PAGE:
Gastrointestinal Carcinoid Tumors Treatment (PDQ®): Treatment - Health Professional Information [NCI] - Colonic Carcinoids
Colonic carcinoids are often exophytic and large (>5 cm), but they rarely bleed. Only occasional right-sided lesions are positive with 111-Indium octreotide scintigraphy. Many of these tumors are aggressive with a high proliferation rate, and they often present with more liver metastases than regional lymph node metastases. These tumors of the colon are treated similarly to adenocarcinoma of the colon. Attempts to achieve radical resection by hemicolectomy or subtotal colectomy with lymphadenectomy should be made, but frequently only debulking is possible. The overall 5-year survival rate is approximately 40% and is slightly worse than the survival rate for colon adenocarcinoma.
The primary treatment of patients with metastatic or recurrent gastrointestinal stromal tumors (GIST) involves medical therapy with a tyrosine kinase inhibitor (TKI); in select cases, surgical therapy may be added. Patients with metastatic or recurrent tumors that do not respond to these measures may be candidates for clinical trials.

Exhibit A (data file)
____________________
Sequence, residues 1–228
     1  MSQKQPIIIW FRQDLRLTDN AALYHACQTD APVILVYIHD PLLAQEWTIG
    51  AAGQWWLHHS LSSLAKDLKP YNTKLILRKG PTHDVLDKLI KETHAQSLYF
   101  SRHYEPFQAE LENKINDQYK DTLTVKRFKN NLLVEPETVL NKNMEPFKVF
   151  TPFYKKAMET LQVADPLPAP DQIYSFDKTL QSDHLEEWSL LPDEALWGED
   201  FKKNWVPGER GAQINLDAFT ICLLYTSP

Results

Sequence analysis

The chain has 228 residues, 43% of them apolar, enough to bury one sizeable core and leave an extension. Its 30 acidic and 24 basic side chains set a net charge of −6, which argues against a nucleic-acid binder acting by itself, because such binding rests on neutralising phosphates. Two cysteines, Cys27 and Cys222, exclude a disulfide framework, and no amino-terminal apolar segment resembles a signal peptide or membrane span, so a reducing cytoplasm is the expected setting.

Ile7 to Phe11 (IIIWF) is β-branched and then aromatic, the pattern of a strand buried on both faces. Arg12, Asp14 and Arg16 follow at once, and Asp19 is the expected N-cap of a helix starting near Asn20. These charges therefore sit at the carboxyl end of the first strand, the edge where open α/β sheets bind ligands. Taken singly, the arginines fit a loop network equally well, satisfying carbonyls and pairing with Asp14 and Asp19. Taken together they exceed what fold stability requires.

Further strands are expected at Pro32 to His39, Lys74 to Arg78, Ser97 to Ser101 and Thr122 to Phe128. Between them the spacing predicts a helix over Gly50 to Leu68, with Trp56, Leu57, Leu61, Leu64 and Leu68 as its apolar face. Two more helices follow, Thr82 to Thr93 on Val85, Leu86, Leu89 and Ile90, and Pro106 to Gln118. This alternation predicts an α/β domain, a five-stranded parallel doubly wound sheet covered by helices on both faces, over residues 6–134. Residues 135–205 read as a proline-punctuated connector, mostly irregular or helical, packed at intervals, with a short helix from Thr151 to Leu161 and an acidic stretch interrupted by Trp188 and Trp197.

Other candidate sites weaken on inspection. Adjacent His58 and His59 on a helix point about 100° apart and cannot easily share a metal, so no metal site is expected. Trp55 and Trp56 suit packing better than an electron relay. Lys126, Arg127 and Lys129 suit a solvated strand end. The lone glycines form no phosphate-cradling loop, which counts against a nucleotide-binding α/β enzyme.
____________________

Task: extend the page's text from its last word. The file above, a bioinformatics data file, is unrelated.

Therapy with imatinib is standard for patients with metastatic or recurrent disease. The initial dose may range from 400 mg to 600 mg daily, except for patients...
Check for U.S. clinical trials from NCI's list of cancer clinical trials that are now accepting patients with localized gastrointestinal carcinoid tumor and regional gastrointestinal carcinoid tumor. The list of clinical trials can be further narrowed by location, drug, intervention, and other criteria.
General information about clinical trials is also available from the NCI Web site.
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